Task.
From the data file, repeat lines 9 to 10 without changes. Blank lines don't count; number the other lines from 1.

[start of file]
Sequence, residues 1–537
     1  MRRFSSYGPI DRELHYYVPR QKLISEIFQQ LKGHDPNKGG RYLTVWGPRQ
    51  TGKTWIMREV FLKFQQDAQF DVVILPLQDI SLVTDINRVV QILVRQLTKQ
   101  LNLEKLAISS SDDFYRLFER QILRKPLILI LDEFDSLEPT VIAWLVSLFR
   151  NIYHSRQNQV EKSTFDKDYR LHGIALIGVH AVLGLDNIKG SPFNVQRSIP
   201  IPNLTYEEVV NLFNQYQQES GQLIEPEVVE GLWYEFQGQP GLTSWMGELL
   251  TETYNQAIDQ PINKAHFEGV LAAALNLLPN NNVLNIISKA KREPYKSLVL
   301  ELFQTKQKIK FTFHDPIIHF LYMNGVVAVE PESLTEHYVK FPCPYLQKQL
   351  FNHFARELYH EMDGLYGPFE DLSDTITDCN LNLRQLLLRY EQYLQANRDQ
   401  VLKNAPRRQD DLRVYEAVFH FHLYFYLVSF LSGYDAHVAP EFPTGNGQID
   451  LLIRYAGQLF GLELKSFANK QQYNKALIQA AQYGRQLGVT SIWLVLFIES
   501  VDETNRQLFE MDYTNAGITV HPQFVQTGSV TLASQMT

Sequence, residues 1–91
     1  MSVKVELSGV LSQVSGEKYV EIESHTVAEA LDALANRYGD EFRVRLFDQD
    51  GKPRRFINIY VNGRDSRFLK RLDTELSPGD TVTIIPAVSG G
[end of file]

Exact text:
   351  FNHFARELYH EMDGLYGPFE DLSDTITDCN LNLRQLLLRY EQYLQANRDQ
   401  VLKNAPRRQD DLRVYEAVFH FHLYFYLVSF LSGYDAHVAP EFPTGNGQID